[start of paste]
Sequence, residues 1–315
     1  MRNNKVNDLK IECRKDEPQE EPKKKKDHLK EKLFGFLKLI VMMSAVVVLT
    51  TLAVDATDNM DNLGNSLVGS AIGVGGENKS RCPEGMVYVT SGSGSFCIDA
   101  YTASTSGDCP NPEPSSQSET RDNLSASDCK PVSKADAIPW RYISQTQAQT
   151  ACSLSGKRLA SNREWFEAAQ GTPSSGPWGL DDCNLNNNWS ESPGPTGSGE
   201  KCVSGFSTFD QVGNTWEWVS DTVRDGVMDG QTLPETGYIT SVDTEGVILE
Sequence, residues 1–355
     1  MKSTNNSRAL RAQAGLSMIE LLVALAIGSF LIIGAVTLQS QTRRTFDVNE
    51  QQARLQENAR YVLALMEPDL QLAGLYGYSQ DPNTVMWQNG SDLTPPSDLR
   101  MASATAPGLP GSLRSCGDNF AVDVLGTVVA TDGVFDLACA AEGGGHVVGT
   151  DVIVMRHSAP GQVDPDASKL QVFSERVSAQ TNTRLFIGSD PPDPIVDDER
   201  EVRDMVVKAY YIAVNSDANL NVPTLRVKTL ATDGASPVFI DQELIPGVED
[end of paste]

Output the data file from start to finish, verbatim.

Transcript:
Sequence, residues 1–315
     1  MRNNKVNDLK IECRKDEPQE EPKKKKDHLK EKLFGFLKLI VMMSAVVVLT
    51  TLAVDATDNM DNLGNSLVGS AIGVGGENKS RCPEGMVYVT SGSGSFCIDA
   101  YTASTSGDCP NPEPSSQSET RDNLSASDCK PVSKADAIPW RYISQTQAQT
   151  ACSLSGKRLA SNREWFEAAQ GTPSSGPWGL DDCNLNNNWS ESPGPTGSGE
   201  KCVSGFSTFD QVGNTWEWVS DTVRDGVMDG QTLPETGYIT SVDTEGVILE
Sequence, residues 1–355
     1  MKSTNNSRAL RAQAGLSMIE LLVALAIGSF LIIGAVTLQS QTRRTFDVNE
    51  QQARLQENAR YVLALMEPDL QLAGLYGYSQ DPNTVMWQNG SDLTPPSDLR
   101  MASATAPGLP GSLRSCGDNF AVDVLGTVVA TDGVFDLACA AEGGGHVVGT
   151  DVIVMRHSAP GQVDPDASKL QVFSERVSAQ TNTRLFIGSD PPDPIVDDER
   201  EVRDMVVKAY YIAVNSDANL NVPTLRVKTL ATDGASPVFI DQELIPGVED